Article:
Momordica charantia seed extract exhibits strong anticoagulant effect by specifically interfering in intrinsic pathway of blood coagulation and dissolves fibrin clot

Manjappa, B. and Gangaraju, S. and Girish, K. S. and Kemparaju, K. and Gonchigar, S. J. and Shankar, R. L. and Shinde, M. and Sannaningaiah, D. (2015) Momordica charantia seed extract exhibits strong anticoagulant effect by specifically interfering in intrinsic pathway of blood coagulation and dissolves fibrin clot. BLOOD COAGULATION & FIBRINOLYSIS, 26 (2). pp. 191-199. ISSN 1473-5733

Full text not available from this repository. (Request a copy)
Official URL: https://doi.org/10.1097/MBC.0000000000000191

Abstract

The current study explores the anticoagulant and fibrin clot-hydrolyzing properties of Momordica charantia seed extract (MCSE). MCSE hydrolyzed casein with the specific activity of 0.780 units/mg per min. Interestingly, it enhanced the clot formation process of citrated human plasma from control 146 to 432 s. In addition, the intravenous injection of MCSE significantly prolonged the bleeding time in a dose-dependent manner from control 150 to more than 800 s, and strengthened its anticoagulant activity. Interestingly, MCSE specifically prolonged the clotting time of only activated partial thromboplastin time, but not prothrombin time, and revealed the participation of MCSE in the intrinsic pathway of the blood coagulation cascade. Furthermore, MCSE completely hydrolyzed both A alpha and B beta chains of the human fibrinogen and partially hydrolyzed the gamma chain. However, it hydrolyzed all the chains (alpha polymer, alpha chain, beta chain and gamma-gamma dimmers) of partially cross-linked human fibrin clot. The proteolytic activity followed by the anticoagulant effect of the MCSE was completely abolished by the 1,10-phenanthroline and phenyl methyl sulphonyl fluoride, but iodoacetic acid, EDTA, and ethylene glycol-N, N, N', N'-tetra acetic acid did not. Curiously, MCSE did not hydrolyze any other plasma proteins except the plasma fibrinogen. Moreover, MCSE was devoid of RBC lysis, edema and hemorrhagic properties, suggesting its nontoxic nature. Taken together, MCSE may be a valuable candidate in the treatment of blood clot/thrombotic disorders. Copyright (C) 2015 Wolters Kluwer Health, Inc. All rights reserved.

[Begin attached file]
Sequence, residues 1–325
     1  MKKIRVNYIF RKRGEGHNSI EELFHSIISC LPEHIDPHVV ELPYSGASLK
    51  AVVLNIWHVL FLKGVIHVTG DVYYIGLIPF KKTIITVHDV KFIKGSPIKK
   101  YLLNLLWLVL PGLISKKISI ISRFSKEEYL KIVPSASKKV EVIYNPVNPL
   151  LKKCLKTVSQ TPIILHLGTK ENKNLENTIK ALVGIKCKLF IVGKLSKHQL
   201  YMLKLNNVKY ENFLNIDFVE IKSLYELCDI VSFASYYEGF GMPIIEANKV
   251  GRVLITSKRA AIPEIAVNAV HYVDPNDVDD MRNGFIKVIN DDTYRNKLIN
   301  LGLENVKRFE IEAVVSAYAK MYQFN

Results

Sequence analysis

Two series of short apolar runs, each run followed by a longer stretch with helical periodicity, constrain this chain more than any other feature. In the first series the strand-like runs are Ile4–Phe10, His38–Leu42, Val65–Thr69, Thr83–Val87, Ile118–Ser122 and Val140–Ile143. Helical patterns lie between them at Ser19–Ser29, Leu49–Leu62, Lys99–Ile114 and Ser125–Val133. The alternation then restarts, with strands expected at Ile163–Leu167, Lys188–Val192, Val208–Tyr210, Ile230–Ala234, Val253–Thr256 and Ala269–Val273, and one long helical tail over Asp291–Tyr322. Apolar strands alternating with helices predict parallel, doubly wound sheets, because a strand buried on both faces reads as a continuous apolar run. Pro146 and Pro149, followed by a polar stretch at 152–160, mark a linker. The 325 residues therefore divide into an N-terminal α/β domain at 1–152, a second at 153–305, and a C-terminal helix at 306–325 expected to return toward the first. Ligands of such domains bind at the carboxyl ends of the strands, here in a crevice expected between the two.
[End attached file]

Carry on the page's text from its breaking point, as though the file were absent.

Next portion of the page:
Item Type: Article
Subjects: C Chemical Science > Biochemistry
Divisions: Department of > Biochemistry
Depositing User: Shrirekha N
Date Deposited: 14 Jun 2019 09:18
Last Modified: 14 Jun 2019 09:18
URI: http://eprints.uni-mysore.ac.in/id/eprint/2782

Actions (login required)

View Item View Item